Alice in Hallucinationland

Alice psychedelic drugs

Alice, created by Lewis Carroll and made into a movie by Walt Disney (and some more recent adaptations that we’d better not remember), is one of the most iconic characters in children’s stories. Every fantasy needs something to inspire it, and Charles Lutwidge Dodgson (Lewis Carroll’s real name) was no exception. The Alice in the story is a transposition of Alice Lidell, the daughter of the Dean of the Christ Church School in Oxford, where Lewis Carroll taught mathematics. Alice and her sisters would go on excursions with the writer and he would make up stories to entertain them. Those stories were the seed of what would later become his novels, but the real life story did not have a happy ending. In June 1863, the relationship between Lewis Carroll and the Liddell family ended abruptly. Lewis Carroll’s diary pages for 27, 28, and 29 June were torn out by one of the writer’s nieces. Alice’s father’s diaries also disappeared, so we will never know the reason for the fight between Lewis Carroll and the parents of the real Alice. We know that Carroll and Alice had a very special relationship, but we have never been able to prove that there was any kind of romantic attraction.

The seeds for other characters in the book are easy to trace in context. The mad hatter was based on the English expression «mad as a hatter». Hatters used mercury vapours to treat leather and felt. Exposure to these fumes produced neurological damage and symptoms that people associated with madness.

«Alice goes on a journey during which peculiar characters tell her what to eat or drink. Then, strange things happen»

When one considers the Disney movie, one aspect stands out. Alice goes on a journey during which peculiar characters tell her what to eat or drink. Then, strange things happen: flowers start talking to her, or she grows or shrinks in size. One of the characters is a worm who smokes a strange water pipe on top of a mushroom and another is a cat with psychedelic colours who appears and disappears… Doesn’t all this seem like a drug-induced psychedelic journey? Lewis Carroll lived through the heyday of legal opium use, but, once again, the result seem inconclusive. There is no evidence that the writer frequented opium dens or wanted to make any kind of statement in favour of drug use, even though, watching the Disney film, the analogies are quite obvious.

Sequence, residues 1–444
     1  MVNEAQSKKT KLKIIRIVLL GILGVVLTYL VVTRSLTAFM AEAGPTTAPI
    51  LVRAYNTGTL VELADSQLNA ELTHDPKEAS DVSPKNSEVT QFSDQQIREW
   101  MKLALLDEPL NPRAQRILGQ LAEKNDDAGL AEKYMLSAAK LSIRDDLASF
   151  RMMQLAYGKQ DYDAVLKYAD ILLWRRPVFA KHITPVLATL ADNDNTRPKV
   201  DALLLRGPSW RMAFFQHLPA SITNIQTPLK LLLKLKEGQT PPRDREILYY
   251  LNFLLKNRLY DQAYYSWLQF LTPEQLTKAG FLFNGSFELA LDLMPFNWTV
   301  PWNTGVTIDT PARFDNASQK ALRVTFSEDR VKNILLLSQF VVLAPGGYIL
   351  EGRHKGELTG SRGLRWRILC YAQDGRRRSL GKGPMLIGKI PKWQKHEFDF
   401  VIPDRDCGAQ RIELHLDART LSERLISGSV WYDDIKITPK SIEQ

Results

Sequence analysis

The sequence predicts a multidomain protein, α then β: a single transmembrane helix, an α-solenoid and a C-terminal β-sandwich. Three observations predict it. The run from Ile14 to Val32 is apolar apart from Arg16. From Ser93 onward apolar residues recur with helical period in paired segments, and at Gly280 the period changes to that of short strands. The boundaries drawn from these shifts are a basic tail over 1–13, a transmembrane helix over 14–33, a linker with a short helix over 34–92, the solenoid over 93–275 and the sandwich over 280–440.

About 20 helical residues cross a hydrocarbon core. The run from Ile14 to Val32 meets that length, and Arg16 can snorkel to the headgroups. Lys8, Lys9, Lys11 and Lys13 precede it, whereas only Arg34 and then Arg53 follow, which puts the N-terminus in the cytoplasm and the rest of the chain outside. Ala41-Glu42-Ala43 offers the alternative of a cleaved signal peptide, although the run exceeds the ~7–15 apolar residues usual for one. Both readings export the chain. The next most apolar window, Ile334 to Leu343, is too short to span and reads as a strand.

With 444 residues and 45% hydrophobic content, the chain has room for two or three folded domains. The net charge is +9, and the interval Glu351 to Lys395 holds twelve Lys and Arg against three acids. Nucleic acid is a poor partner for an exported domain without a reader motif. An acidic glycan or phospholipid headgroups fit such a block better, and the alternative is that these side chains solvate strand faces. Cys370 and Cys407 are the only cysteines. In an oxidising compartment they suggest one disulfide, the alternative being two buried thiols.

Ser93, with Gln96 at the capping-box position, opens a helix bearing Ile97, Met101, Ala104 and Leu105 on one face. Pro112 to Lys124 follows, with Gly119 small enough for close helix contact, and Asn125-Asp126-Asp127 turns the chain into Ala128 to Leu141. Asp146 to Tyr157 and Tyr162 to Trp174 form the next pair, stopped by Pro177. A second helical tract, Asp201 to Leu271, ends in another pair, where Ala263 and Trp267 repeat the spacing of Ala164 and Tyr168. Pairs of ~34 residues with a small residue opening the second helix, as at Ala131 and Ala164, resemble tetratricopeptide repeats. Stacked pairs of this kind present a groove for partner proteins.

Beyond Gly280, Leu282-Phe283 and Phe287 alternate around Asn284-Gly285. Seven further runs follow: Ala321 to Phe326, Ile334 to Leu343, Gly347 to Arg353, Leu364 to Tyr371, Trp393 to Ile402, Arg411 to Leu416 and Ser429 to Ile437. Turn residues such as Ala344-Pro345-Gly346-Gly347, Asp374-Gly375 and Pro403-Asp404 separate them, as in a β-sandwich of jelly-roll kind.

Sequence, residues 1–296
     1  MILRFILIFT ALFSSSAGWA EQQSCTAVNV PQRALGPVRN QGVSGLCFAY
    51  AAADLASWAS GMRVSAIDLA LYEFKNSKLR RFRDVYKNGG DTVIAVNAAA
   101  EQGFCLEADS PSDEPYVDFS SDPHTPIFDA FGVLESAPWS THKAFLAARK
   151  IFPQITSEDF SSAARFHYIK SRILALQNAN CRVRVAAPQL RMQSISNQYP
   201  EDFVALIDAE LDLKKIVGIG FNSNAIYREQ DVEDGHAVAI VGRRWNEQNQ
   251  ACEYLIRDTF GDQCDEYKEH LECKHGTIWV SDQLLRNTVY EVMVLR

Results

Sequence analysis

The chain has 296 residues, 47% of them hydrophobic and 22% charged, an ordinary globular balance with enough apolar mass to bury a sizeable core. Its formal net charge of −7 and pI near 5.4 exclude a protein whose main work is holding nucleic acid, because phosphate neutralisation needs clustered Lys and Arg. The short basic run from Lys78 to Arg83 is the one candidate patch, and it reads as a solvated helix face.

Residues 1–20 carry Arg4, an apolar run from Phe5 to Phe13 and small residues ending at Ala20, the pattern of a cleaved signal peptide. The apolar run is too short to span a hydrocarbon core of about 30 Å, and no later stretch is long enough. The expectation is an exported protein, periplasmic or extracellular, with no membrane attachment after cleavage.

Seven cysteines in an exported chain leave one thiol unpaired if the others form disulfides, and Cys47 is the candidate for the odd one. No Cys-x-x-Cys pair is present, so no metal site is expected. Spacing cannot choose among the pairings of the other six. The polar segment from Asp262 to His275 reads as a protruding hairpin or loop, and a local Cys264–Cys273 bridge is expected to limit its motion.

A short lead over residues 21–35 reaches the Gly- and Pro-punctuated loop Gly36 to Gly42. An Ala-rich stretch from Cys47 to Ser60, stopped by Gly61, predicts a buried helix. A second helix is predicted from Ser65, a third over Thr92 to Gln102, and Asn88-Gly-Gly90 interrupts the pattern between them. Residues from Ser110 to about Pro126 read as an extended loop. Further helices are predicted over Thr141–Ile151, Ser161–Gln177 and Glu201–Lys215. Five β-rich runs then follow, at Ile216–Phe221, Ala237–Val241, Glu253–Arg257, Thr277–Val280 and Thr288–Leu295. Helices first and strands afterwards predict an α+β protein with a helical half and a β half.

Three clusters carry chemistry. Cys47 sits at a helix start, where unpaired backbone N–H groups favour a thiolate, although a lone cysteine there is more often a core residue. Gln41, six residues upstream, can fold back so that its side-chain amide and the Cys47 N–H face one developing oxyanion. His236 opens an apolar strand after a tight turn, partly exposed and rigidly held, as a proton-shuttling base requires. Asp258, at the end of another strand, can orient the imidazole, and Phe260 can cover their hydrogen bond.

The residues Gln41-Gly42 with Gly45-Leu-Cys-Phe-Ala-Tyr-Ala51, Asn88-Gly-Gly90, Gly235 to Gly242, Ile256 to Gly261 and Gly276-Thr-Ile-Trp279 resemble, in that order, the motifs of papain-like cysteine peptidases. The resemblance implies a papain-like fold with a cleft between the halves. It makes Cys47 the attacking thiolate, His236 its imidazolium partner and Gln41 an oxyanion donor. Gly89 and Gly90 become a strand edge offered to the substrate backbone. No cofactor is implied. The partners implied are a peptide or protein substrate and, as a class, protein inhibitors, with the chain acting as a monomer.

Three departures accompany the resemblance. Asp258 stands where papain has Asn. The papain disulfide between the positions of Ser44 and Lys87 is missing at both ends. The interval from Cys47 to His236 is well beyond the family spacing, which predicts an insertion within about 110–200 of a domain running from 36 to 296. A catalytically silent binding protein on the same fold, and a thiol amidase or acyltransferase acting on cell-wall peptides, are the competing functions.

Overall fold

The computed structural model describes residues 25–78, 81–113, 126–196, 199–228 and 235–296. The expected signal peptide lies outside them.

Psychedelic drugs have had a great impact on culture. The discoverer of LSD, Albert Hoffmann, tested the effects himself. On the first scientifically documented trip, he said that when he arrived home and the housekeeper opened the door for him, she looked like a wicked witch to him. Many beat generation authors were enthusiastic users of LSD, and recently food writer Michael Pollan has also written about his experience with the drug. That is the only way to understand his peculiar claims about natural and ecological foods. In spite of myths and their impact on culture, LSD and all psychedelic drugs are dangerous. Besides altering perception and producing the characteristic effect of expansion of the senses, let us not forget that they inhibit our self-preservation instinct, which makes us look both ways before crossing a road. Under the effects of LSD it is common for people to have fatal accidents while trying to fly by throwing themselves out of a window or crossing a highway levitating. If we want to have a cultural experience, we better read Alice in Wonderland or watch the Disney film again.

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Full professor of Biotechnology at the Polytechnic University of Valencia and esearcher at the Institute for Plant Molecular and Cellular Biology (CSIC-UPV).